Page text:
The main ocular neoplasms are currently susceptible to conservative treatment. The main shortcomings of conservative treatment lie in its inability to limit the onset of metastasis or to avoid an irreversible loss in vision, due to the lack of detailed knowledge on the collateral effects of the therapy itself. It is also of fundamental importance to be able to avail oneself of studies that can functionally diagnose and monitor the characteristics of each process that leads to the loss of vision. At the same time, it is indispensable to identify, within the treated population, the subjects at risk of tumor through the assessment of systemic factors and factors intrinsic to neoplasms. Only thus will it be possible to select the candidates for adjuvant therapy or targeted follow-up. The use of local and systemic pharmaceuticals can cause poorly-understood ocular alterations. The development of new non-invasive techniques could help in the early diagnosis of these alterations, and in restoring normal ocular structure and functions.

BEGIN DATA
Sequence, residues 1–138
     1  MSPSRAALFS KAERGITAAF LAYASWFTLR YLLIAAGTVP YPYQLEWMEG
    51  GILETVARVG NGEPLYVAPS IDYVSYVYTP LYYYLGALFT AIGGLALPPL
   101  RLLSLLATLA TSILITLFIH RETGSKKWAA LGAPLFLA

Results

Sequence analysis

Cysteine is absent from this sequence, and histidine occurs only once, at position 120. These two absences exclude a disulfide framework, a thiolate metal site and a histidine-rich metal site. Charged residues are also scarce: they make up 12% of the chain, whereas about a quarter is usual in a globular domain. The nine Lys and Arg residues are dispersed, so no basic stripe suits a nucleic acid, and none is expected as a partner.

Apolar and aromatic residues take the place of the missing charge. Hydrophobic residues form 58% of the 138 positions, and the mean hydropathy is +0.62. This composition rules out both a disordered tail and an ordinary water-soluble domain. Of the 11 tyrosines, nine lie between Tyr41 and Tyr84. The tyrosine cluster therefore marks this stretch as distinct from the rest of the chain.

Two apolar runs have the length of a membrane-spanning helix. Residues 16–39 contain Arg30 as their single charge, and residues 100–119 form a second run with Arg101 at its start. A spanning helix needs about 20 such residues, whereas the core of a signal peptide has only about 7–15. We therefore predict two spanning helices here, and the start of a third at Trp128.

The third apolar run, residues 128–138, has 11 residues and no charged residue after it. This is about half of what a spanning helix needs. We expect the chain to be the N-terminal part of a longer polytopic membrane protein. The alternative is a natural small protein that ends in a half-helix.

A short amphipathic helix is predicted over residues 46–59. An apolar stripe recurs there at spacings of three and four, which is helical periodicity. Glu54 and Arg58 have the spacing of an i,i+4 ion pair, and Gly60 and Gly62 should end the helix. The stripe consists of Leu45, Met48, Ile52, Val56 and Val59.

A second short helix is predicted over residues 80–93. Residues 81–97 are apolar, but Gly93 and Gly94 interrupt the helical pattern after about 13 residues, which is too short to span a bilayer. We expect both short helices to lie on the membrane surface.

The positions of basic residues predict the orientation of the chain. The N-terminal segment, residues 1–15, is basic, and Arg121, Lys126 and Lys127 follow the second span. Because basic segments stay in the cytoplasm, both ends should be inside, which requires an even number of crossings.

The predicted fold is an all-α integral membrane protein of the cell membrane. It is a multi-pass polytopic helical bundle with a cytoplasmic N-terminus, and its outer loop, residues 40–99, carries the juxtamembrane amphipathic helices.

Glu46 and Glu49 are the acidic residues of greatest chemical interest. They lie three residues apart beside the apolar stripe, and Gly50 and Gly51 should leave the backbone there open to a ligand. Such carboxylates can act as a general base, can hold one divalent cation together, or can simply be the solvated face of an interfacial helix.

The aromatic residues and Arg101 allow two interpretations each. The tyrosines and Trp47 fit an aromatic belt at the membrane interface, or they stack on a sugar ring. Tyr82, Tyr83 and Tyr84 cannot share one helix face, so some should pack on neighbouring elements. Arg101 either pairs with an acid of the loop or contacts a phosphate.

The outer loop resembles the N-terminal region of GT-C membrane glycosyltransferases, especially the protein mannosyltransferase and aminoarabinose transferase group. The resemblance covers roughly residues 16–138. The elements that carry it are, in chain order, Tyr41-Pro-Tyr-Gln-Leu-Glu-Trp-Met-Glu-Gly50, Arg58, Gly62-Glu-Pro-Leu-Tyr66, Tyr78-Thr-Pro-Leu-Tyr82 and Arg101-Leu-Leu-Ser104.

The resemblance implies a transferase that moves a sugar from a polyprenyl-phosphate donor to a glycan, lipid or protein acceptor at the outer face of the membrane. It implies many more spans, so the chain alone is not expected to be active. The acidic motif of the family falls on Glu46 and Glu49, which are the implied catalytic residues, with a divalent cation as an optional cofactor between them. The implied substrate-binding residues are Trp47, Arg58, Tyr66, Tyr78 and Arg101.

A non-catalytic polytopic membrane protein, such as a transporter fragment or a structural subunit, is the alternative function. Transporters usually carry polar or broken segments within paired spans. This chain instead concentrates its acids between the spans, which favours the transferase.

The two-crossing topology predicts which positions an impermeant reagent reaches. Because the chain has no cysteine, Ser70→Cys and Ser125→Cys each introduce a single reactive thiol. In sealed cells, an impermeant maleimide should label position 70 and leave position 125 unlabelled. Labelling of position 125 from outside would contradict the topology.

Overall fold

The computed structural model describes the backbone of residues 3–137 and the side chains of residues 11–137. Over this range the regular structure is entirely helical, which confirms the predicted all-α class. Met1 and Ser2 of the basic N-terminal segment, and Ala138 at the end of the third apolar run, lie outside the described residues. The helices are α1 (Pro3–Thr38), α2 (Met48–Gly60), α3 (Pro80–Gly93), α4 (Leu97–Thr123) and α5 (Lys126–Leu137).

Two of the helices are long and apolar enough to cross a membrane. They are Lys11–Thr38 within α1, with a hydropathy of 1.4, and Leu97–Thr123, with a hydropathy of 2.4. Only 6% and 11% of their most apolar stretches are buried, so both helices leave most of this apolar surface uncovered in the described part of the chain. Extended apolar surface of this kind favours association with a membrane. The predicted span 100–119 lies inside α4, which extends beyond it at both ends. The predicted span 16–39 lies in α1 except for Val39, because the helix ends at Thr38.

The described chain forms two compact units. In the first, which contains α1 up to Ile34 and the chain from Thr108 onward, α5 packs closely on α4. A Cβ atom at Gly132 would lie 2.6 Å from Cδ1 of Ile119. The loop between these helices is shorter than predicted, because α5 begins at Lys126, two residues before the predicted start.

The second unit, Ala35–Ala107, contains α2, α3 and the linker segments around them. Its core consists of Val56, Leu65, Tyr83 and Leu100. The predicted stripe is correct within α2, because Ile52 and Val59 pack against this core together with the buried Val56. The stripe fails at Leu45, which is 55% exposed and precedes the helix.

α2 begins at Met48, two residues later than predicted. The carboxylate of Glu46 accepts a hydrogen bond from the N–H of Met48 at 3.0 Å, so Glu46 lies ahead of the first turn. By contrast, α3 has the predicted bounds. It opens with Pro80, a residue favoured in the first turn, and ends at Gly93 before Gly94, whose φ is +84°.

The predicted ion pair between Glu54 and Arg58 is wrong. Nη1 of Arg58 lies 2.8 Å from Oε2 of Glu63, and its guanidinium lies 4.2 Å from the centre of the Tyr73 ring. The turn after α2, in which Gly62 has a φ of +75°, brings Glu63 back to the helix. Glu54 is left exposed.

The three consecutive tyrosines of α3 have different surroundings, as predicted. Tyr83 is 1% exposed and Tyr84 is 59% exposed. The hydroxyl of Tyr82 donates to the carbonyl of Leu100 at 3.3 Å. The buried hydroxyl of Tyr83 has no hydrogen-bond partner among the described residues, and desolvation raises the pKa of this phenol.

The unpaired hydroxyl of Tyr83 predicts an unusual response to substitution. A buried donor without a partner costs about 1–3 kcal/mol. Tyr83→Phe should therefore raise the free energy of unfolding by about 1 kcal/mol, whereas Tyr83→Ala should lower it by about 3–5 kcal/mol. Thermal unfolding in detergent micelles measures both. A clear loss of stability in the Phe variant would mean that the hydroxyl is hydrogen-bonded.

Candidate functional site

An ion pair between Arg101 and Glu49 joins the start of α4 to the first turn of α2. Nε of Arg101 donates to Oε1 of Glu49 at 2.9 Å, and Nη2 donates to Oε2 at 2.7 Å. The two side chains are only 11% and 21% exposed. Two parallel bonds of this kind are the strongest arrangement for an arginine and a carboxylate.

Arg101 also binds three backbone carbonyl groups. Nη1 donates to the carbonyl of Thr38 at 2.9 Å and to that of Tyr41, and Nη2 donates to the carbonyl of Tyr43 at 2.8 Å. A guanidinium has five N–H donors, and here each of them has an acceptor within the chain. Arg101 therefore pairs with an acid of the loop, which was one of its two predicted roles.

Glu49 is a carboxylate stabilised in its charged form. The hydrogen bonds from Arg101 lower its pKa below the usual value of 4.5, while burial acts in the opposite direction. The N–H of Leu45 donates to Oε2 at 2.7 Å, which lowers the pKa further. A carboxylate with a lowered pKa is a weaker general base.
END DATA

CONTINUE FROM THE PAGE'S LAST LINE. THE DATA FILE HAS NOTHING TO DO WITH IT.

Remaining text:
The development of new diagnostic techniques in ophthalmology has made it possible to study, in a more in-depth and less invasive manner, various ocular pathologies, and has brought to light new knowledge on the etiology of and the correlation between morphological and structural damage to the eye. In recent years, non-invasive diagnostic techniques applied to both the posterior and anterior segments of the eye have led to earlier and more refined and precise diagnoses, allowing for earlier intervention and improved results. Additionally, the visual apparatus, and especially the eye, are ideal models for the study of toxic effects caused by illnesses affecting other organs or systems, or different therapeutic interventions. At the ocular level, one can study, in a non-invasive manner and in-vivo, the micro-circle (the retinal one is analogous to the cerebral one) and the various components of the nervous system (both central: the retinal ganglion fibers; and peripheral: corneal innervation). These are the premises underlying the first in vivo applications of ocular toxicology aimed at the study of both systemic diseases and modern therapeutic approaches.